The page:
A Week In Washington, D.C., On An Intern's Salary

Welcome to Money Diaries, where we're tackling what might be the last taboo facing modern working women: money. We're asking millennial women how they spend their hard-earned money during a seven-day period — and we're tracking every last dollar. (Thanks, New York mag, for the inspiration.)

Today, an intern living in Washington, D.C., on $14 an hour (and some help from the parents).
Industry: Student/communications intern
Location: Washington, D.C., lives in Bethesda, MD
Number of roommates: 2
Salary: $14/hour
Paycheck amount: Approximately $580 2x a month + $500 a month from my family. (Editor's note: This is roughly $19,920 a year.)
Age: 20

Monthly Expenses
Utilities: $35
Netflix: $9.99
Hulu: $7.99

Day 1

7 a.m. — Breakfast is granola and yogurt at home after an early workout. I make myself a mug of coffee to go in hopes that I can resist a trip to Starbucks.

8 a.m. — I take the Metro to school and work every day, and have to load my SmarTrip card a couple times a week. For some reason, I prefer loading smaller amounts more frequently than making one large deposit. I can tolerate the ridiculous prices more easily this way. $20

12:15 p.m. — On my way to work after morning classes. It’s cold, and I’m craving something hot that isn’t stale office coffee. I hit Saxby’s for a chai latte… It wasn’t Starbucks, right? $4

1 p.m. — I brought leftover pasta from home to eat for lunch. The restaurants downtown are pricey, so I avoid eating out at lunch as much as I can.

7 p.m. — Dinner is a vegan sweet-potato-and-black-bean bowl at home. My doctor recently told me I should cut dairy out of my diet because of some stomach problems, so I’ve been eating mostly vegan. I had already cut back on the meat because it’s much cheaper!

Total: $24

Day 2

7 a.m. — Breakfast at home again. A muffin, yogurt, and coffee.

9 a.m. — I successfully avoid Starbucks again and settle for office coffee. I discover that the fridge at work is broken, which means my lunch of last night’s leftovers will have to sit in my bag all morning. Luckily, vegan food is less likely to spoil…another perk of cutting back on the animal products!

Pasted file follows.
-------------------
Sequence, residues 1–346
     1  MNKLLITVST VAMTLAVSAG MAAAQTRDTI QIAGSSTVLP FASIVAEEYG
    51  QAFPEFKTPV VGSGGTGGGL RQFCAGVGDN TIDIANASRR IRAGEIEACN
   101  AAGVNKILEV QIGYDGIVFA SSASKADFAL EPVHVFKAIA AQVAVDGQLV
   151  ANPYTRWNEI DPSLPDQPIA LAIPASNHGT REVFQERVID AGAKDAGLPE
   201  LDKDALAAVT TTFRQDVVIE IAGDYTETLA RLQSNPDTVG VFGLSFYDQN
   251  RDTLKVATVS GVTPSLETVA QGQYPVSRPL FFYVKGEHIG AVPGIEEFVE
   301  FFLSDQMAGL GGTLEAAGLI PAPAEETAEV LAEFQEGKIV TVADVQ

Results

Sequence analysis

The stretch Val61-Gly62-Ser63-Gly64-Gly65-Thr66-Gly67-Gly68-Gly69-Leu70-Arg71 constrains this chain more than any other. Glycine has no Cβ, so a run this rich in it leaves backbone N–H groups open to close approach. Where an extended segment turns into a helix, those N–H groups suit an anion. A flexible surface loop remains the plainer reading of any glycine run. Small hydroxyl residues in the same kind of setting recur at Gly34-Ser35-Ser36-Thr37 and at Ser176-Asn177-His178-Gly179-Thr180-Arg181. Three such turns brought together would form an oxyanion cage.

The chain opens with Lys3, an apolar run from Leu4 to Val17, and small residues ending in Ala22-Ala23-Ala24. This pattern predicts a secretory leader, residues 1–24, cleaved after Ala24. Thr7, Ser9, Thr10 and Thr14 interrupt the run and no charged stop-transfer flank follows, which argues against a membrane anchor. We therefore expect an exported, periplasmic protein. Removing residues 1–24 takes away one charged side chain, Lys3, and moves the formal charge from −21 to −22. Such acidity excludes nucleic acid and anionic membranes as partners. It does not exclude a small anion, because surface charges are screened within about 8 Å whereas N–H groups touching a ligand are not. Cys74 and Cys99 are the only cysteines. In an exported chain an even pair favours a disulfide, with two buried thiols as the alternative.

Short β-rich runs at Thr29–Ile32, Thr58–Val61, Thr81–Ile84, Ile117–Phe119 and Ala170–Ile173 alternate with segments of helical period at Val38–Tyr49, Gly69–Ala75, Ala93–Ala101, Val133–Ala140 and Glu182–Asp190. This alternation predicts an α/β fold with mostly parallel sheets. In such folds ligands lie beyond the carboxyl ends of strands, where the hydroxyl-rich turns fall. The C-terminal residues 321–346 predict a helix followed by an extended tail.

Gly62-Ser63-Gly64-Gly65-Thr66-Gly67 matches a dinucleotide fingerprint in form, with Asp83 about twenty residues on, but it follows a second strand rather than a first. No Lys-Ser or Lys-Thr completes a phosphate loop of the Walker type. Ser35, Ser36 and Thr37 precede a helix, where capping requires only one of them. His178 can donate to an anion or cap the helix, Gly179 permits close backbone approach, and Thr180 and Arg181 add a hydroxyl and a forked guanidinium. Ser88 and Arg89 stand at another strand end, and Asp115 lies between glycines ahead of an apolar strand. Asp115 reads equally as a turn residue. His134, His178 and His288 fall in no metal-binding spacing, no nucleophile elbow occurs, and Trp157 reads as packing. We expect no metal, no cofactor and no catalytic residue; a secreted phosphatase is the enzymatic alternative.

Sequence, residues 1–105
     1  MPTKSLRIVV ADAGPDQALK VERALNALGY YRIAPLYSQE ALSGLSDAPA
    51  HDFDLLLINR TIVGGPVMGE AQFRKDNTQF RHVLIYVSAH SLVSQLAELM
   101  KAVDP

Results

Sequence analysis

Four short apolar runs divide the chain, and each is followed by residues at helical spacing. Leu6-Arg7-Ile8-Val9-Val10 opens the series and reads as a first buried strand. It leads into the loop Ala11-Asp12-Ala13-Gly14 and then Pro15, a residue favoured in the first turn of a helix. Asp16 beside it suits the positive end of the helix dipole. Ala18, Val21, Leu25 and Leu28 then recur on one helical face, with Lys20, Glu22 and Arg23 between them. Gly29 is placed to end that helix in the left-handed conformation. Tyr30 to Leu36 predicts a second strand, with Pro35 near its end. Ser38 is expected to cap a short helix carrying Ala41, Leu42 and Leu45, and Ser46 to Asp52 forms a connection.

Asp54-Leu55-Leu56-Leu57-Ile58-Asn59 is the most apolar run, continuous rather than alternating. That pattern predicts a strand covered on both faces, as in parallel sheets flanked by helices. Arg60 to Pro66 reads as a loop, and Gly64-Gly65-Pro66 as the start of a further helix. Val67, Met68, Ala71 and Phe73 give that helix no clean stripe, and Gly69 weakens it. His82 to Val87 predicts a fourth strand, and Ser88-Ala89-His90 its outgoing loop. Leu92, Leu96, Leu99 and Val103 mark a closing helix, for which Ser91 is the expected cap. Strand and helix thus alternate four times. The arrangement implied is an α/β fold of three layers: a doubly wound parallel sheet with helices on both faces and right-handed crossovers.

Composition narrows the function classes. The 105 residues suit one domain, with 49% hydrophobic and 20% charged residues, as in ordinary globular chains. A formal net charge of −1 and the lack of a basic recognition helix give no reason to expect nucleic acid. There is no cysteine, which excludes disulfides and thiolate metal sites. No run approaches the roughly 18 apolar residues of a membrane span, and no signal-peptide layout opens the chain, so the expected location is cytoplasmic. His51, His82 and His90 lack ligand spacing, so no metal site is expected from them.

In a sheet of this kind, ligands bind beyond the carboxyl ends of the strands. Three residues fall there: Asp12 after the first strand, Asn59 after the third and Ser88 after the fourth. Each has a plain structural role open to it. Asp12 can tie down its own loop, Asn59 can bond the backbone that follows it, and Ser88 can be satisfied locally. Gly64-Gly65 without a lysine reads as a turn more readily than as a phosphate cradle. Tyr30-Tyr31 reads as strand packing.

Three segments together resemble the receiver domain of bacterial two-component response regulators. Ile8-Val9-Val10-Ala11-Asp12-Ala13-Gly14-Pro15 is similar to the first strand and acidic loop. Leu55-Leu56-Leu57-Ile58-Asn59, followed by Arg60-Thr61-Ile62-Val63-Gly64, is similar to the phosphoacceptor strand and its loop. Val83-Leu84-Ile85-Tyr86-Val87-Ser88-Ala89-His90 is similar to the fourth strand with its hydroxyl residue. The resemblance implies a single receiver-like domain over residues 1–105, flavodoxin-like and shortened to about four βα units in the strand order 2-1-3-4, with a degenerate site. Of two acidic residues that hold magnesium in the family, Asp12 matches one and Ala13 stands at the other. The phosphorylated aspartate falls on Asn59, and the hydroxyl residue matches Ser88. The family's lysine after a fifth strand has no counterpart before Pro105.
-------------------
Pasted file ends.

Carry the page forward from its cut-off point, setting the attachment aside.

12:30 p.m. — I consider going out to buy lunch, but decide to tough it out and eat my non-refrigerated food. It tastes fine.

2 p.m. — I get an email from Gilt City about a three-hour flash sale. I talk myself into buying a $20 voucher for a local restaurant. It was priced at $12, but I got it at 20% off. $9.62

7 p.m. — Dinner is another vegan meal; sautéed vegetables on homemade chickpea flatbread.

9 p.m. — My mom’s birthday is coming up, so I order a $100 gift card to a spa we’ll be going to on vacation this summer. Most of the services cost more than that, but it’s all I can bring myself to spend. $100

9:30 p.m. — I have a $10 Birchbox credit and decide to put that toward a three-month subscription for my mom. I tend to go a little crazy with gifts. $20

Total: $129.62

Day 3

7 a.m. — Breakfast is overnight oats and coffee at home. I get an email from Starbucks about its new rewards system and am persuaded to reload my card. It was going to happen eventually. $10

8:30 a.m. — I order a latte at my school’s independent coffee shop. The prices are much better there, and I decide I’ll use my Starbucks card at lunch. $3.25

12:15 p.m. — Lunch is a spinach feta wrap and coffee from Starbucks, and I use my rewards card. I take advantage of the comfy seating to get some work done.

2:30 p.m. — There is a Whole Foods at the Metro stop by school, and I allow myself to go once a week. Whole Foods is my weakness. I stop in for an apple and end up buying kombucha, shampoo ($1.99), yogurt, and cookies as well. $14.92